America’s 10 Most Highly Taxed Destinations
Don't forget to budget for tourism taxes. By Katrina Brown Hunt on Dec 18, 2013
You may think you scored a deal on your hotel and rental car—but have you really come out ahead? In some popular destinations, tourism taxes are adding big bucks to your daily vacation spend.
According to an annual study by the Global Business Travel Association (GBTA), tourism-related taxes added a whopping 58 percent to American travelers' vacations this past year. That's due to a rise in “discriminatory travel taxes”—the extras that are shouldered mainly by out-of-towners. These include state and local levies on car rentals, hotel stays, and restaurant meals.
Before we get to the naughty list, let’s start with destinations whose tax policies are nice, relatively speaking. Kudos to a trio of Florida cities—Fort Lauderdale, Fort Myers, and West Palm Beach—for imposing the lightest tax burden on travelers, at an average of $22.61 a day. Honorable mentions go to tourist-friendly metro areas bolstered by mouse ears: Orange County, California (home of Anaheim-based Disneyland), and Orlando.
So then, where does the taxman hit vacationers the hardest? These are this year’s 10 most tax-happy destinations, ranked by the average traveler’s daily outlay in tourism taxes:
1. Chicago: $41.04 a day
The Windy City taxes its visitors on almost every front: a 9.25-percent sales tax, a 16-percent hotel tax, a deep-dish 10.75-percent restaurant tax and a whopping 20 percent on car rentals—and that’s before the extra car rental flat tax of $2.75 per day.
2. New York City: $38.65 a day
Here's why you should embrace the subway when visiting the Big Apple: the car rental tax nears 20 percent a day. Otherwise, NYC sends the taxman to collect 18 percent at hotels, which includes a daily $2.50 flat tax. By comparison, the 8.88-percent restaurant and sales taxes seem pretty mild.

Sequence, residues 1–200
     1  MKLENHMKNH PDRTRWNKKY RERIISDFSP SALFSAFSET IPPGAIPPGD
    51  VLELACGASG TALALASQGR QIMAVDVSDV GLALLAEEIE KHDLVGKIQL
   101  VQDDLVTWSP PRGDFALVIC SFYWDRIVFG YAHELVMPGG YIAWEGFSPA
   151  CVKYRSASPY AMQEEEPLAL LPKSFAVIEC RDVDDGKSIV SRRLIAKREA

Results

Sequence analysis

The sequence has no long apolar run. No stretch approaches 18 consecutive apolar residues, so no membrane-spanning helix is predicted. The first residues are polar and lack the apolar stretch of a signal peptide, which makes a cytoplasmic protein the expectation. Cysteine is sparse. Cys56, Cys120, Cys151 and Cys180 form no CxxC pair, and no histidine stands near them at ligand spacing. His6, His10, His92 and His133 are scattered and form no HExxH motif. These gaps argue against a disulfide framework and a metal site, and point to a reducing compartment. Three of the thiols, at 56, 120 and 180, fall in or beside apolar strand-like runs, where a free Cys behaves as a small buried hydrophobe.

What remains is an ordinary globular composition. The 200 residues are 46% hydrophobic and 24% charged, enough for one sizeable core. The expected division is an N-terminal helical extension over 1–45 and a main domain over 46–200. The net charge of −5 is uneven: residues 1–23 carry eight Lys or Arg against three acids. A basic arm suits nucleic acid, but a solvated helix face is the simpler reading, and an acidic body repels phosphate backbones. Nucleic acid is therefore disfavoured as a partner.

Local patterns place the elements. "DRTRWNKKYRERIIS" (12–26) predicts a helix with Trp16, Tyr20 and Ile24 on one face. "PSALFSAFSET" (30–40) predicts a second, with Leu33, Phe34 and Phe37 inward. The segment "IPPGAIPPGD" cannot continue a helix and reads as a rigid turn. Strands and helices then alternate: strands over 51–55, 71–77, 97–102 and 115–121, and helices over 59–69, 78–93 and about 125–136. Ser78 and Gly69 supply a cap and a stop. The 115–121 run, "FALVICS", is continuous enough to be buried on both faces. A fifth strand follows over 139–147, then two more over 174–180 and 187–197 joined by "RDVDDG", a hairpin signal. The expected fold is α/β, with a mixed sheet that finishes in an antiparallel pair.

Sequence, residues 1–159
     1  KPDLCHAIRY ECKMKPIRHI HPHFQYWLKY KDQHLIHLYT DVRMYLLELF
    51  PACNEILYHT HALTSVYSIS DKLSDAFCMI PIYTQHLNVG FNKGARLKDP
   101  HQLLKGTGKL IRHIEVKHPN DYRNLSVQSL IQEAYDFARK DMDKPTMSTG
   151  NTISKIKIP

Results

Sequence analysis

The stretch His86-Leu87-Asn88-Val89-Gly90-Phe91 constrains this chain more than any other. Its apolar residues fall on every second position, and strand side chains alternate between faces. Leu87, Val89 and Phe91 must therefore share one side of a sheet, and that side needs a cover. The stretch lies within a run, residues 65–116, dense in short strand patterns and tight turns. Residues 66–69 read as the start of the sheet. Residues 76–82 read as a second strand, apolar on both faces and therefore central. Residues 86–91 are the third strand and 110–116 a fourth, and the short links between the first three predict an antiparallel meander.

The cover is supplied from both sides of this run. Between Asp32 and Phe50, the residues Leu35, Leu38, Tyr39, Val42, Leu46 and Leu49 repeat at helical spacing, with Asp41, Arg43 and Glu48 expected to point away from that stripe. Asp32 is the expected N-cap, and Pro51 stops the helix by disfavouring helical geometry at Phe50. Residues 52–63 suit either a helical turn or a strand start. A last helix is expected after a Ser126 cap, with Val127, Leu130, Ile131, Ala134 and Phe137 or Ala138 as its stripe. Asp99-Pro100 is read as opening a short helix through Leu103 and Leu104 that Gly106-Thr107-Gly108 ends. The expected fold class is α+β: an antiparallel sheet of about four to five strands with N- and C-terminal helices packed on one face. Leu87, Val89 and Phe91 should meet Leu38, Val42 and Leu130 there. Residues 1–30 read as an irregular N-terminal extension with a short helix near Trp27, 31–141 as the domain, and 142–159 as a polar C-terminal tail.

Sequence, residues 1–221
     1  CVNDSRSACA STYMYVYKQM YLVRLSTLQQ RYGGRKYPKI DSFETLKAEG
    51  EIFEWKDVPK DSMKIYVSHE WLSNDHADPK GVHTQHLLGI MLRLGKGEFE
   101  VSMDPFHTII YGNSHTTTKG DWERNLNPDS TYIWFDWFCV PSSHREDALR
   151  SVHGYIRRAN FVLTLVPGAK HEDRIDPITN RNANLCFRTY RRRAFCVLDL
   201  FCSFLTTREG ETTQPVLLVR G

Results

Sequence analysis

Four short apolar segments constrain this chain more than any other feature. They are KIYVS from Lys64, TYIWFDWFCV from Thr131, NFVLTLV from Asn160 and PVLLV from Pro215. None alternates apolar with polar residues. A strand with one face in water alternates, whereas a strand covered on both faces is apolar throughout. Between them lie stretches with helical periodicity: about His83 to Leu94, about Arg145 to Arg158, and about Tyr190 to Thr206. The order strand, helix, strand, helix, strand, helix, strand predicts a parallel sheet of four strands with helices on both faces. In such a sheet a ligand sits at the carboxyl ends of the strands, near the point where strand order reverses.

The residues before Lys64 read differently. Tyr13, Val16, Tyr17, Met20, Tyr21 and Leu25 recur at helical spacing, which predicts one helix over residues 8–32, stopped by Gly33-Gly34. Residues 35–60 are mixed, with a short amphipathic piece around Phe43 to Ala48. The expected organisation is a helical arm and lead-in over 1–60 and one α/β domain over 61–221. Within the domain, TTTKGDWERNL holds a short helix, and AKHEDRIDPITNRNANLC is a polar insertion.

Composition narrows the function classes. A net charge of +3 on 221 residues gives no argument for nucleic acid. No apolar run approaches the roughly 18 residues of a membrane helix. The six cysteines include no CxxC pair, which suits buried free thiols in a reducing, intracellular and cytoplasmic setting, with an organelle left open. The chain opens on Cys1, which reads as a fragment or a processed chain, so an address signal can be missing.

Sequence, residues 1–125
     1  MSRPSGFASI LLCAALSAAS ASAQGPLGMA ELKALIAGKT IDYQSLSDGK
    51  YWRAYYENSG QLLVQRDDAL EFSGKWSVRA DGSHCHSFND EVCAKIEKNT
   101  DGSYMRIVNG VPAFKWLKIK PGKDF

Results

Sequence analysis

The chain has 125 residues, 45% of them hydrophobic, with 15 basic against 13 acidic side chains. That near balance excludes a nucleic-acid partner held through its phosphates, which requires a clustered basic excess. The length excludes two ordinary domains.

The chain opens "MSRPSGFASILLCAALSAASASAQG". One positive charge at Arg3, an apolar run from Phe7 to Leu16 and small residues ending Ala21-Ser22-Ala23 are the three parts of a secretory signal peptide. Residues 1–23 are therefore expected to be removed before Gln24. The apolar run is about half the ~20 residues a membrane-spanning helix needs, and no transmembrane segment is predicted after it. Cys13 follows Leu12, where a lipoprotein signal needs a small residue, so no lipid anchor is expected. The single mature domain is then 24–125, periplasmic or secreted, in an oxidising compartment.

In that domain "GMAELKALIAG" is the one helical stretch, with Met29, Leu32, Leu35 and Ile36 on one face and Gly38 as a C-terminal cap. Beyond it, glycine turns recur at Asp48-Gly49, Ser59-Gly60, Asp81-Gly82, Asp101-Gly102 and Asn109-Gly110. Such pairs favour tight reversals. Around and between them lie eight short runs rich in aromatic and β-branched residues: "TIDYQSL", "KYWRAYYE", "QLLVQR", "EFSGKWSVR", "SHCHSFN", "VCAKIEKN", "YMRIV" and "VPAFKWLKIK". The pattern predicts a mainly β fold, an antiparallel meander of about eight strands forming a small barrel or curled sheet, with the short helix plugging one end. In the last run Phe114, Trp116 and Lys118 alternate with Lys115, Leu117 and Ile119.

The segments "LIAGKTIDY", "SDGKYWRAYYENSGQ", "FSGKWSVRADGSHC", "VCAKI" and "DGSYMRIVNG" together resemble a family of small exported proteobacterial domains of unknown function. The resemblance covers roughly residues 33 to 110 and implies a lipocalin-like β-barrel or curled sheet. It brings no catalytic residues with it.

3. Minneapolis: $36.70 a day
This Minnesota twin city tops the charts for the highest car rental tax in the land—almost 22 percent a day—as well as the highest restaurant tax, at 10.78 percent. But there’s good news if you’re heading to the Mall of America: shoppers pay no sales tax on clothes or shoes.
4. Kansas City: $36.61 a day
The Missouri city has one of the highest hotel tax rates in the country—an overall 17.27 percent, when you factor in a daily flat tax of $1.50. Car rentals also carry a $4-a-day flat tax beyond the basic 15-percent rate.
5. Indianapolis: $36.00 a day
Hotel taxes in this Indiana hub are a steep 17 percent, and there’s also a 17-percent car rental tax, and a 9-percent restaurant tax.
6. Cleveland: $35.41 a day
This Ohio city plays it tough with tourists, ranking in the top 10 for both hotel taxes (16.5 percent) and car rentals (18.52 percent, including a $6-a-day flat tax). The local sales tax also pushes 8 percent.
7. Boston: $35.32 a day
Beantown is fairly tourist-friendly when it comes to both hotels (14.45 percent) and sales tax (just 6.25 percent). But car rentals carry a tax of nearly 24 percent a day, including a daunting $10-a-day flat tax.
8. Seattle: $35.11 a day
While the Emerald city lands among the 10 worst for car rental taxes (17.2 percent), what pushes Seattle into the overall most-taxed list is its 9.5-percent sales and restaurant taxes.
9. Nashville: $34.75 a day
Shopping and eating out add up fast in Music City—9.25-percent taxes for each—and the hotel tax approaches 18 percent, thanks to a daily flat tax of $2.50.
10. Houston: $34.16 a day
The old saying that “everything is big in Texas” loses its charm when those things are taxes. Your car rental comes with a 15-percent tax, the sales tax is 8.25 percent and hotels lob on a 17-percent tax.
Katrina Brown Hunt contributed this to MiniTime.com.